Re: [XTalk] The Empty Tomb: Jesus Beyond the Grave
- Loren Rosson wrote:
>List --snipped for brevity
>I recently finished reading The Empty Tomb: Jesus
>Beyond the Grave, a collection of essays from the
>skeptic's corner: much to agree with, much to dispute,
>as each contributor deals with the resurrection
>inquiry in some way. XTalker Peter Kirby has an essay
>refuting the authenticity of the empty tomb; Richard
>Carrier has a lengthy essay, also arguing that the
>empty tomb was a legend coming later than Paul's
>two-body doctrine of the resurrection, and then a
>shorter article arguing that if the empty tomb were
>authentic it is plausible to assume Jesus' body was
>stolen. Keith Parsons writes about the plausibility of
>hallucination theories; Jeffrey Jay Lowder argues for
>the relocation of Jesus' corpse to a second tomb. Then
>there is an extremely polemical (and somewhat
>off-putting) piece by editor Robert Price -- called
>"By This Time He Stinketh: The Attempts of William
>Lane Craig to Exhume Jesus" -- bemoaning the influence
>of neo-conservative scholarship, insisting that
>William Lane Craig is a menace both to scholarship and
I recently re-read Price's article "Christ a Fiction" at "Infidels.org"
It is, I must say, a pretty sorry excuse for argumentation. And I am
predisposed toward his conclusions, at least most of them. When a
person purporting to support objective scholarship indulges in such
polemics, he does more harm than good to all sides of the debate. I
could go on, but I think the essay (which begins with a comparison of
the Christ of evangelical Christians to the comic book character
Superboy) speaks for itself. Or not.
- --- Loren Rosson wrote:
> Objection (13) isn't taken seriously enough by Parsons. VisionsYes, but this statement is quite different from the one to which
> without the empty tomb do not account for a resurrection belief...
Parsons was responding, as you quote:
> (13) K&T: "A hallucination would explain only the appearances;YOUR statement is an argument for the empty tomb. The K&T statement is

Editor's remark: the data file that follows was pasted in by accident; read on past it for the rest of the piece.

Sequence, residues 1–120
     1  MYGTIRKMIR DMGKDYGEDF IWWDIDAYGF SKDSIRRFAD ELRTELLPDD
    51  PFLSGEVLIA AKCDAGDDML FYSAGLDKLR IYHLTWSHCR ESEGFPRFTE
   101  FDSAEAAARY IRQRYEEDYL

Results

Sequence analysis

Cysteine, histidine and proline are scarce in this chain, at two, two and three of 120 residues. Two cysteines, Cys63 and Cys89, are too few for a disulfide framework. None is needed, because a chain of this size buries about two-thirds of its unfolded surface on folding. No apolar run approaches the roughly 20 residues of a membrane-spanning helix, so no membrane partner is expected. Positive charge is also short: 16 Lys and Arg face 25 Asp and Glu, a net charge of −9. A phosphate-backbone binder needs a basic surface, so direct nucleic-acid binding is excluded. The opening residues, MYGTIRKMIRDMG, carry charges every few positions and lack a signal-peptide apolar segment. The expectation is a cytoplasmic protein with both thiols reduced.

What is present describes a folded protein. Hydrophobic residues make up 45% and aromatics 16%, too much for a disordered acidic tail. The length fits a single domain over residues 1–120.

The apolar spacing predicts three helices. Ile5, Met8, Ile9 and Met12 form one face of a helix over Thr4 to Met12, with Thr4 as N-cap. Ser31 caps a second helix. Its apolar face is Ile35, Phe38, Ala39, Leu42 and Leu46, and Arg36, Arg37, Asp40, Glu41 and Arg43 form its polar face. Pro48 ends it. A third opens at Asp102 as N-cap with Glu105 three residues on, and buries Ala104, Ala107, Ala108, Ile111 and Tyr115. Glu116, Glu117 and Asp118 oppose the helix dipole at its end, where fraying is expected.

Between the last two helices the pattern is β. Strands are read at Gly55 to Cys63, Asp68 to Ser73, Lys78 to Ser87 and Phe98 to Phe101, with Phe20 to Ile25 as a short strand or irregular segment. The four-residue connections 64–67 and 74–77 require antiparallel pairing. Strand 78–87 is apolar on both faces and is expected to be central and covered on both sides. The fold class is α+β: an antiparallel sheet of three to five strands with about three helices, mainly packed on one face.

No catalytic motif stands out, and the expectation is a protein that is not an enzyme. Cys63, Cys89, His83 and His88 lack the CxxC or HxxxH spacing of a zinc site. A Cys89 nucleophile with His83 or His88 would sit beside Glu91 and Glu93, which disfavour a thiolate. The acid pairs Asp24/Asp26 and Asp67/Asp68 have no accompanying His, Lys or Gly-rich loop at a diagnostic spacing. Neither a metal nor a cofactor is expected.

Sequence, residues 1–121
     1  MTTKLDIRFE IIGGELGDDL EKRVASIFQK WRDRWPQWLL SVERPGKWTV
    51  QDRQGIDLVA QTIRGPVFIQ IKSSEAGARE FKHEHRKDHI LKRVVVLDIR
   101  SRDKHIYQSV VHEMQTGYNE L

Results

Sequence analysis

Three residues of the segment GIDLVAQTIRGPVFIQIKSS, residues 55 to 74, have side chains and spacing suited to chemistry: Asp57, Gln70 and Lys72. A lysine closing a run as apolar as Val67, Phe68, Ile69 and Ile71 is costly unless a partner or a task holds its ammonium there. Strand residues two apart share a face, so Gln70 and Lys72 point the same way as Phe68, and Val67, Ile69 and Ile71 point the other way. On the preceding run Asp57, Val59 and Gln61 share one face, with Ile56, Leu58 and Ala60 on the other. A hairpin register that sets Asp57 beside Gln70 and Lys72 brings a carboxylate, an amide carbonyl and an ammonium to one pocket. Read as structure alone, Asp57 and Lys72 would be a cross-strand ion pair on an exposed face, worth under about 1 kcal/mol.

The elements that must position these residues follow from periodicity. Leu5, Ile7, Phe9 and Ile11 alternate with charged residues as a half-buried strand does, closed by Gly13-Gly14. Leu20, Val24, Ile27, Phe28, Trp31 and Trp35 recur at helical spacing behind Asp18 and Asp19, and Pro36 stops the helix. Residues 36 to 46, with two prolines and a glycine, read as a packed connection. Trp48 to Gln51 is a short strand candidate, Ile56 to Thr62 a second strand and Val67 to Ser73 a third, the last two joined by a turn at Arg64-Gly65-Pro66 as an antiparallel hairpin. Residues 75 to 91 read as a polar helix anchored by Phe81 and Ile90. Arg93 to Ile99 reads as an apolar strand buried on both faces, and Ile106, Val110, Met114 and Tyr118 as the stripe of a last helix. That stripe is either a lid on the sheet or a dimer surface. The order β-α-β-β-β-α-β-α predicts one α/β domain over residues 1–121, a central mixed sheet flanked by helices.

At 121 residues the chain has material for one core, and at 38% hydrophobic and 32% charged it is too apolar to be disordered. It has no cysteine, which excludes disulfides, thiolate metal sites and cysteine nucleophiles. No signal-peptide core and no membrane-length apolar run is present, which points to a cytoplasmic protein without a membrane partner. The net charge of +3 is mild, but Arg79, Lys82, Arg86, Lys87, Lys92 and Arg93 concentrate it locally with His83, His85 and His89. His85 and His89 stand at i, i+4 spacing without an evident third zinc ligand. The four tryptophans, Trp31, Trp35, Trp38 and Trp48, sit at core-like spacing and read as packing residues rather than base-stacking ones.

> it would not explain the empty tomb; only the resurrection
> explains all of these."
an argument for the resurrection. The reason you give for saying that
Parsons didn't take (13) seriously enough is thus in the nature of a
Mt. Clemens, MI
> > Objection (13) isn't taken seriously enough by[Mike]
> Parsons. Visions
> > without the empty tomb do not account for a
> resurrection belief...
> Yes, but this statement is quite different from theYes, you're right; I mistook the direction of K&T's
> one to which
> Parsons was responding, as you quote:
> > (13) K&T: "A hallucination would explain only the
> > it would not explain the empty tomb; only the
> > explains all of these."
> YOUR statement is an argument for the empty tomb.
> The K&T statement is
> an argument for the resurrection. The reason you
> give for saying that
> Parsons didn't take (13) seriously enough is thus in
> the nature of a non sequitur.
Loren Rosson III
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- Has anyone come across a review of Gerd Theissen's Die Jesusbewegung? I know
it's a bit early, since it just came out in 2004, but I have not yet been able
to locate a review here at Emory or online. You can contact me offlist at
With many thanks and every good wish,
Dr. David B. Gowler
Pierce Professor of Religion; Associate Professor
Oxford College of Emory University
Barack Obama, Nov 2, 2004: If there's a child on the south side of Chicago who
can't read, that matters to me, even if it's not my child. If there's a senior
citizen somewhere who can't pay for her prescription and has to choose between
medicine and the rent, that makes my life poorer, even if it's not my
grandmother. If there's an Arab American family being rounded up without
benefit of an attorney or due process, that threatens my civil liberties. It's
that fundamental belief--I am my brother's keeper, I am my sisters'
keeper--that makes this country work. It's what allows us to pursue our
individual dreams, yet still come together as a single American family. "E
pluribus unum." Out of many, one.
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